WSU suspends classes and exams to avoid the spread of Covid-19

Walter Sisulu University (WSU) has suspended all contact classes, examinations and assessments at its East London campus for two weeks. Students will also be confined to their residences. 

In a communiqué to staff and students on Sunday, vice-chancellor Professor Rob Midgley said this decision had been taken to avoid the spread of Covid-19 on the campus and in the greater Buffalo City community. Midgley said the decision was taken because 26 students from four residences in the Buffalo City campus and one staff member had tested positive for the virus.

“Provincial and university capacity is limited, however, management has had to reconsider its current-risk management process and improve our precautionary measures. Our priority is to protect staff and students; and also the Buffalo City residents with whom our students come into contact with when doing their shopping,” said Midgley. 

The decision by the university comes after Midgley and University of Fort Hare vice-chancellor Professor Sakhela Buhlungu last week issued a joint media statement indicating their worry about the rising number of cases among students at their East London campuses in recent weeks. 

At the time, WSU said it did not possess the final number of infected students, but was aware that students have been admitted to hospital.

Fort Hare said 26 more students had contracted the virus, in addition to the 30 the university had announced last week. 

On Sunday, the Sunday Times reported that 125 students from Fort Hare had tested positive for the virus. 

In the joint statement, Midgley and Buhlungu said their concern was necessitated by the fact that students from the two universities stay in and around Quigney in East London and tend to socialise together.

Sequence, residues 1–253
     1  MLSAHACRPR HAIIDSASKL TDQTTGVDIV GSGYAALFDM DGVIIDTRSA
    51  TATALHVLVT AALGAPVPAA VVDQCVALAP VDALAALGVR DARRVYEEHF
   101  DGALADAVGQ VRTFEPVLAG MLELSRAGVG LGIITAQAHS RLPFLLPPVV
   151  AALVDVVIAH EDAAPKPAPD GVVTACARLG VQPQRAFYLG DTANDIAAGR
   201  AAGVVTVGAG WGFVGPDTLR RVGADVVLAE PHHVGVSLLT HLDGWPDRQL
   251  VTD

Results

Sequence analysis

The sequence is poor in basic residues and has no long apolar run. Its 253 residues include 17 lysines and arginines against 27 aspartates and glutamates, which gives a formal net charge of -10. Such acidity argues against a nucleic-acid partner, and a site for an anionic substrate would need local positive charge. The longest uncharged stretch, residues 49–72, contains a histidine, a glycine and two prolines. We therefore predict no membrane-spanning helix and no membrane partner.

On Sunday last week, Fort Hare said that the students who had tested positive had contracted the virus from attending parties in Quigney and after they had been at a tavern, in the same suburb, where none of the Covid-19 safety regulations had been adhered to. In the joint statement, it emerged that students from WSU had also attended the same parties and had visited the tavern. 

In his communiqué, Midgley said that as of today (Monday) until 8 November, academic and administrative contact activity between staff and students at the Buffalo City campus would be suspended. And, as of Tuesday students, will be confined to their residences until 8 November. The students will be given today to stock up on food, after which they will have to liaise with wardens if they need additional food while self-isolating. This will be delivered to them. 

“I urge everyone to please assist us to implement the proposed safety measures. For us to protect each other, we need a concerted disciplined effort to contain this virus. We need to work together as a community and please let us not be reckless with other people’s lives,” said Midgley. 

The decision by WSU comes after Universities South Africa (Usaf) — the association of the 26 vice-chancellors — on Thursday said it had “noted with grave concern, reports of reckless student behaviour on campuses” since lockdown levels one and two.

The organisation said students were throwing parties in their residences and attending night clubs where safety regulations were not being adhered to. 

Under lockdown level two a maximum of 66% of students were allowed to return to campus; under level one universities are welcoming 100% of their students. 

“Noting that Covid-19 remains alive and active in this country, as evidenced by over 1 000 new cases being reported daily, nationally, the vice-chancellors of all 26 public universities have cautioned students at their institutions to keep this in mind in their day-to-day behaviour on campuses and residences,” said Usaf in its statement

The organisation said it was worried that universities will hugely contribute to the new wave of Covid-19 cases in the country.

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Bongekile Macupe
Bongekile Macupe is an education reporter at the Mail & Guardian.

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